The subscapular and subcoracoid
bursae: Descriptive and functional anatomy.
Test Mechanism Sensitivity Specificity (%) (%) Wright's test Compression of the 90 29 (hyperabduction neuro-vascular maneuver) structures in the subcoracoid
Anatomic evaluation of the subcoracoid
pectoralis major transfer in human cadavers.
Assessment of subacromial and subcoracoid
The diagnosis of bilateral shoulder dislocation with brachial plexus injury was made on clinical examination and the finding on a plain radiograph that both humeral heads were in a subcoracoid
TOS is one such general term used for problems stemming from nerve or blood vessel compression in their passage from the cervical area toward the axilla and proximal arm either at the interscalene triangle, the costoclavicular triangle, or the subcoracoid
Quantitative criteria: (i) a coracohumeral ligament thickness of 4 mm or more, (ii) thickness of capsule at the rotator cuff interval of 7 mm or more; qualitative criteria: (i) an abnormal coracohumeral ligament, (ii) obliteration of the subcoracoid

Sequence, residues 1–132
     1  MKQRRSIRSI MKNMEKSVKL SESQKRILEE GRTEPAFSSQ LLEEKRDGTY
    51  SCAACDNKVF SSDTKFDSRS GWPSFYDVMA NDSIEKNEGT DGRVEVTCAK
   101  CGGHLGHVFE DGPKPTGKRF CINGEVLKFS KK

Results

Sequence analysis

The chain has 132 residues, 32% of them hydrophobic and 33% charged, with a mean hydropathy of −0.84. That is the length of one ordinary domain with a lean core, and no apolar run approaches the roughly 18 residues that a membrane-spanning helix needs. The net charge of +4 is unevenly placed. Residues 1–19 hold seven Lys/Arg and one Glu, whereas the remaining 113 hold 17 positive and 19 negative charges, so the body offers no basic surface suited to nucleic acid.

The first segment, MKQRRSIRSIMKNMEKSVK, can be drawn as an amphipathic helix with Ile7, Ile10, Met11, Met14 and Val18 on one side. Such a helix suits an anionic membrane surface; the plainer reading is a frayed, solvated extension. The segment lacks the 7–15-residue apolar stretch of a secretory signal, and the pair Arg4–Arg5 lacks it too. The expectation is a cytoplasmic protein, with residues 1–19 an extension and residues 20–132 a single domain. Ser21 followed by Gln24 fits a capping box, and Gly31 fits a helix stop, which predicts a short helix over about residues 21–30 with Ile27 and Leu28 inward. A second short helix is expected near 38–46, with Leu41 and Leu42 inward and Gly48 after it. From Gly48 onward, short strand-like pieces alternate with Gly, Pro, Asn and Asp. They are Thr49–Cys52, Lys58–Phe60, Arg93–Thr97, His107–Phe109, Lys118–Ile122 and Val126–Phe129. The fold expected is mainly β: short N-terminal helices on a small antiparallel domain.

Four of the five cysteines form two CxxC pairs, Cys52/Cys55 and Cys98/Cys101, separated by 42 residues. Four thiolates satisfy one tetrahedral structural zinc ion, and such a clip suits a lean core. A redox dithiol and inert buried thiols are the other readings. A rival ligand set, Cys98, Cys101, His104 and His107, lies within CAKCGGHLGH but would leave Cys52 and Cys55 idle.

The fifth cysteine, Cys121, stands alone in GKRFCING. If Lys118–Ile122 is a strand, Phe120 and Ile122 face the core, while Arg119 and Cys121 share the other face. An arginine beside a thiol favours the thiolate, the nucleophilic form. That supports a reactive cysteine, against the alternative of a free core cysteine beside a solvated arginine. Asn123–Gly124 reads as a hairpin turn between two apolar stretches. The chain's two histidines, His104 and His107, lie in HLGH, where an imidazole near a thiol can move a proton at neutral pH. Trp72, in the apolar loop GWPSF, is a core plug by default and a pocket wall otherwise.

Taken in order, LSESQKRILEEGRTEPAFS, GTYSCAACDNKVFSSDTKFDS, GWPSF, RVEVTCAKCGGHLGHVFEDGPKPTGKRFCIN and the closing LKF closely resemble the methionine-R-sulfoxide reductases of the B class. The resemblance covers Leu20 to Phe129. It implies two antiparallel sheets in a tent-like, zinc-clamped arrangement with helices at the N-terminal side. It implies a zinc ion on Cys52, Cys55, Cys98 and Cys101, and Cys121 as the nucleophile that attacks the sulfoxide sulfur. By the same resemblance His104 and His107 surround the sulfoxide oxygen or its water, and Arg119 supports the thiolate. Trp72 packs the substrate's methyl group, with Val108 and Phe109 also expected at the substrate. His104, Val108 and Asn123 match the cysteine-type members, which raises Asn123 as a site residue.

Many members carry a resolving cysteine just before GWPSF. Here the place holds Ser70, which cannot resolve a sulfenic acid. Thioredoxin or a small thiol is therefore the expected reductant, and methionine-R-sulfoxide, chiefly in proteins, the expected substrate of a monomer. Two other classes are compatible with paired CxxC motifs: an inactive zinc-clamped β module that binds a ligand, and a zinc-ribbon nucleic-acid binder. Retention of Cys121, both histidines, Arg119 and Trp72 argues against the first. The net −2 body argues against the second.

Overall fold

fat triangle, and (iii) synovitis-like abnormality at superior border of subscapularis tendon.
Medial rotation assessed in 90 degrees of flexion, the Hawkins' impingement test (Hawkins and Bokor 1990), compresses both the subacromial and subcoracoid
Humeral heads were palpable anteriorly in the subcoracoid
dislocation of the lateral end of the clavicle.
3) The second site is behind the clavicle in the costoclavicular space, while the third site is at the subcoracoid
space in the angle between the pectoralis minor tendon and where it attaches to the coracoid process.
The glenohumeral crease is palpated to identify a subcoracoid
window to enter the joint space.